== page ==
In the summer of 2013, my wife—Deb Fallows—and I began a project to visit smaller towns around the country—places that show up in the news usually only as backdrops for national-politics coverage, or when some human or natural disaster has struck—and to report on how schools, businesses, families, and civic life were faring “out there.”

Now we’re beginning the next stage of the journey. The guiding principle of this reporting is one we have developed—city by city, story by story, question by question, surprise by surprise—through our years of travel. The central premise is that the most positive and practical developments in this stage of American life are happening at the local and regional level—but that most Americans have barely heard of those developments except in the communities where they themselves live.

Of course the paralysis and division of national politics matter. Of course every community has its entrenched problems, of which the opioid and addiction crisis is the most acute and racial injustice is the most intractable. Any view of this nation, at any point, will include the tragic and the inspiring.

But the underappreciated and potentially useful news of this moment is the extent of locally based renewal and experimentation, directed at many of the same challenges that now seem practically hopeless from a national perspective. That is the theme we hope to explore here.

Our Towns

Washington, DC

Angola, IN

A Community Finding a Path Forward

Last month we traveled by car through several cities in Indiana, in a project organized jointly by New America Indianapolis, where our main partner was Molly Martin, and Indiana Humanities, as part of their new two-year-long INseparable program intended to foster conversations across the usual partisan divides. There we worked mainly with the IH director Keira Amstutz and the community-engagement director Leah Nahmias.

West Point, Mississippi

Sponsor ContentGrow With Google

Pikeville, KY

Columbus, MS

Winters, CA

Fort Wayne, IN

Muncie, IN

San Bernardino, CA

Building for the Future, in California’s Famously Failed City

Today’s Los Angeles Times has a big take-out by Joe Mozingo, with photos by Francine Orr and extensive online graphics, about the ongoing woes of San Bernardino, California. The city’s problems, as we’ve set out in previous installments, have been a heartbreaking vicious-cycle combination of economic misfortune worsened by political dysfunction. Over the past generation, San Bernardino has lost every one of its traditional big sources of blue-collar employment: a steel mill, a railroad yard, the commerce related to a major Interstate (before it was relocated 15 miles west), and then an enormous Air Force base.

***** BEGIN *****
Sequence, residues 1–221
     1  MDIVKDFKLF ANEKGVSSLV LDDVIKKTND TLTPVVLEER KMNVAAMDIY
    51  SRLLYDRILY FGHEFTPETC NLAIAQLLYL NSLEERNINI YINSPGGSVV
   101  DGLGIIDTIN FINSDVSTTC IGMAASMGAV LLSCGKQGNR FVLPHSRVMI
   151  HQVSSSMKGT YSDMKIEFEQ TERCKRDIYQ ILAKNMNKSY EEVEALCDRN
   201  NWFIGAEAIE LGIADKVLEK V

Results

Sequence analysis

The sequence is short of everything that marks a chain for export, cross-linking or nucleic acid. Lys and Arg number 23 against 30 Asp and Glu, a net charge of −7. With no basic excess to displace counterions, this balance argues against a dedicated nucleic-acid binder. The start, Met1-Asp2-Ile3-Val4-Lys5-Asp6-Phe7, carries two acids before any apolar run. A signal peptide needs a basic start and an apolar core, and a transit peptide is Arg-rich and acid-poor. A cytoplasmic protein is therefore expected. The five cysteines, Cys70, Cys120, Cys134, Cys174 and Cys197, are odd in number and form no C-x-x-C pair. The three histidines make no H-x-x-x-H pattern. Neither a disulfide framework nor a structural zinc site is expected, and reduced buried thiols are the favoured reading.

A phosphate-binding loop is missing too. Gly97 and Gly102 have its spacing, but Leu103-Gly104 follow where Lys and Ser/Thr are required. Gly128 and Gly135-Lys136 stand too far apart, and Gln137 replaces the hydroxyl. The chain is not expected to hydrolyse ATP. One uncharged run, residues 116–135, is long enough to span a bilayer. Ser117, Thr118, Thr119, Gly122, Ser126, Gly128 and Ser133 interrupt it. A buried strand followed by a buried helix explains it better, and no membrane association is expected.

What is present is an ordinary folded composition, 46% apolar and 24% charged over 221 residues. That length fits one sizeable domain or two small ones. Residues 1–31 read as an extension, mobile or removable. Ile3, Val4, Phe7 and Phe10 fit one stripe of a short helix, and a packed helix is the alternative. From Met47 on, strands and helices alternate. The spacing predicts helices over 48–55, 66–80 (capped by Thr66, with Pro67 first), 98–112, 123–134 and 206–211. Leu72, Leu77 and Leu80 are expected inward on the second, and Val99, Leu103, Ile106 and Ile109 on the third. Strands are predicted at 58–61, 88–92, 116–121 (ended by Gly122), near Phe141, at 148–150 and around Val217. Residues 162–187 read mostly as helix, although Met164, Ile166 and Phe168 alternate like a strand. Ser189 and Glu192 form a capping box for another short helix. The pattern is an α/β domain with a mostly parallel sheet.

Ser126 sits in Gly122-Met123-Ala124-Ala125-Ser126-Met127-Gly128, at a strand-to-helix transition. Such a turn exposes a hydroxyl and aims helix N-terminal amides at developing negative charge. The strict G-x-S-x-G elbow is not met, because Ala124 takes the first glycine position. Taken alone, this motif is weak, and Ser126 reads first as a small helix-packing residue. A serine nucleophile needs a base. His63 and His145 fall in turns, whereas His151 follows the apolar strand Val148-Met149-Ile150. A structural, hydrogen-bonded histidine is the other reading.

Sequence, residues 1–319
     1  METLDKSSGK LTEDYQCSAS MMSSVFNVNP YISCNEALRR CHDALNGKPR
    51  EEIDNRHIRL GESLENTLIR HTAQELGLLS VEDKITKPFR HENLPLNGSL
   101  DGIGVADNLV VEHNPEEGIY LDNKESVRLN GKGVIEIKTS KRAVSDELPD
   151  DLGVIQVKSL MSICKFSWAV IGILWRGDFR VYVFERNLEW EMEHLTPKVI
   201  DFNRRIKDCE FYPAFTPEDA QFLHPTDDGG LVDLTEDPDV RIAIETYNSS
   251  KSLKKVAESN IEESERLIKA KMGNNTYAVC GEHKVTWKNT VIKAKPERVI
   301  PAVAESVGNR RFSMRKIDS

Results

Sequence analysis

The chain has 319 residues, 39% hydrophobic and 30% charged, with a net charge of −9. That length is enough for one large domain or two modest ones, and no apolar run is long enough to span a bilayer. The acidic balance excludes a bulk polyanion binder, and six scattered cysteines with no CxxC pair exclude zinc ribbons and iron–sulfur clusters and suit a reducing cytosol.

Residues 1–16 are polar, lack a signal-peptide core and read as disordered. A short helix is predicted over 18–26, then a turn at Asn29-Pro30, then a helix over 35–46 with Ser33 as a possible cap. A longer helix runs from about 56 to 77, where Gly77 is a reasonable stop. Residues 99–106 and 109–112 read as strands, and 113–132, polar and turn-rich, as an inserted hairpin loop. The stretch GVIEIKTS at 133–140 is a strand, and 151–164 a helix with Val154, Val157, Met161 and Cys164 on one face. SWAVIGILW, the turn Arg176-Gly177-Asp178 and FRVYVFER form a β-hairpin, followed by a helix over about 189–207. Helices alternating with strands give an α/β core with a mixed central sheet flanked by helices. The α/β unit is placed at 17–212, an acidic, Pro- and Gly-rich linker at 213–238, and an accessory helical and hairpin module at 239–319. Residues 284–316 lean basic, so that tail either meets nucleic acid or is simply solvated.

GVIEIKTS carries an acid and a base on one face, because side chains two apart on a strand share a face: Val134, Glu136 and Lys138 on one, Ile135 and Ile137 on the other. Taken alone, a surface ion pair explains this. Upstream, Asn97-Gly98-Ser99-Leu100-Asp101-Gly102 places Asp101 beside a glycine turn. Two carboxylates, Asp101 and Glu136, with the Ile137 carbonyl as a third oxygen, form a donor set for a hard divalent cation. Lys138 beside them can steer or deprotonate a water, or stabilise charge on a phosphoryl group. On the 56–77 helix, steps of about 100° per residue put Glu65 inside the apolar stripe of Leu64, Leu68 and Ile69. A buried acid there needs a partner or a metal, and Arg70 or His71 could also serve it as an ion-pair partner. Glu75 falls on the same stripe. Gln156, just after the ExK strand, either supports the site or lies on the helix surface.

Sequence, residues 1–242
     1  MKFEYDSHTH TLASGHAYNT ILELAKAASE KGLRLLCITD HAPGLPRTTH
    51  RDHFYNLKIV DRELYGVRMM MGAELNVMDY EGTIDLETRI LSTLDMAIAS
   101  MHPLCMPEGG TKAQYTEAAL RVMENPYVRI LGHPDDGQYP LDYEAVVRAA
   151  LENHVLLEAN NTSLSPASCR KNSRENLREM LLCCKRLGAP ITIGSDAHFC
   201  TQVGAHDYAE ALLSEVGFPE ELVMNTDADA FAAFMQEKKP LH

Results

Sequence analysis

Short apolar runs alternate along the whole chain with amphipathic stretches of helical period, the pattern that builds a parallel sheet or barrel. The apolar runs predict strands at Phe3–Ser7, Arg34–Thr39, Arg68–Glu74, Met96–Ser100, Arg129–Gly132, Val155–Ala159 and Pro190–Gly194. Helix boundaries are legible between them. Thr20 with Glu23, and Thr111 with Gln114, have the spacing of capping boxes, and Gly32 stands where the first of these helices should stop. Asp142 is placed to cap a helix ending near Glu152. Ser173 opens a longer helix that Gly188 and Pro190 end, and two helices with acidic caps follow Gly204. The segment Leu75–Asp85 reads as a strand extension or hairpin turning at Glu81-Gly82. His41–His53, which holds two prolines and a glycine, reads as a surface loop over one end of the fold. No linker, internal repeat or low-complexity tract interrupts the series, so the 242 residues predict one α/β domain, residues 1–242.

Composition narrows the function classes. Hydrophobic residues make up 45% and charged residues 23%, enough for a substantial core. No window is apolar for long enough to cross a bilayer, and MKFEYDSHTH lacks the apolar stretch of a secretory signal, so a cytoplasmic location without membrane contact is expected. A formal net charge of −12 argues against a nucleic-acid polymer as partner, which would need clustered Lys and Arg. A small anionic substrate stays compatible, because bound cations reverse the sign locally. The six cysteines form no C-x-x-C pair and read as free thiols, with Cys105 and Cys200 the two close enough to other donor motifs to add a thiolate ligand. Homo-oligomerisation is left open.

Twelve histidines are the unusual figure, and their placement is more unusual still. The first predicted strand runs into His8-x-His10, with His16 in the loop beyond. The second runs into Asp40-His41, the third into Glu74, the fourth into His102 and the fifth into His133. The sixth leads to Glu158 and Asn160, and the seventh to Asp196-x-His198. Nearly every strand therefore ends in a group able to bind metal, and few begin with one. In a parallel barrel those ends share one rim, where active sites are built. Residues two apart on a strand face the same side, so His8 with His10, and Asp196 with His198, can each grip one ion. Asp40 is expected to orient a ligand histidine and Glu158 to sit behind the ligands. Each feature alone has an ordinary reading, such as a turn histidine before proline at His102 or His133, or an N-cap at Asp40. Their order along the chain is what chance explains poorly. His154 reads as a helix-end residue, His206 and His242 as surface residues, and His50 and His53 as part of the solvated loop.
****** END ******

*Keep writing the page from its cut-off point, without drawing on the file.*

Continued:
Louisville, KY

Why the Maker Movement Matters

In the first entry in this series, I discussed why the Maker Movement, sometimes dismissed as quaint and cutesy by people not familiar with it, should in fact be taken seriously as the source and stimulus for the next wave of manufacturing innovation.

St. Marys, GA

High School in Southern Georgia: What ‘Career Technical’ Education Looks Like

Earlier this month my wife and I spent about a week, in two visits, in the little town of St. Marys, Georgia, on the southernmost coast of Georgia just north of Florida and just east of the Okefenokee Swamp. It’s a beautiful and historic town, which is best known either as the jumping-off point for visits to adjoining Cumberland Island National Seashore or for the enormous Kings Bay naval base, which is the East Coast home of U.S. Navy’s nuclear-missile submarine fleet and which is the largest employer in the area.

Our Towns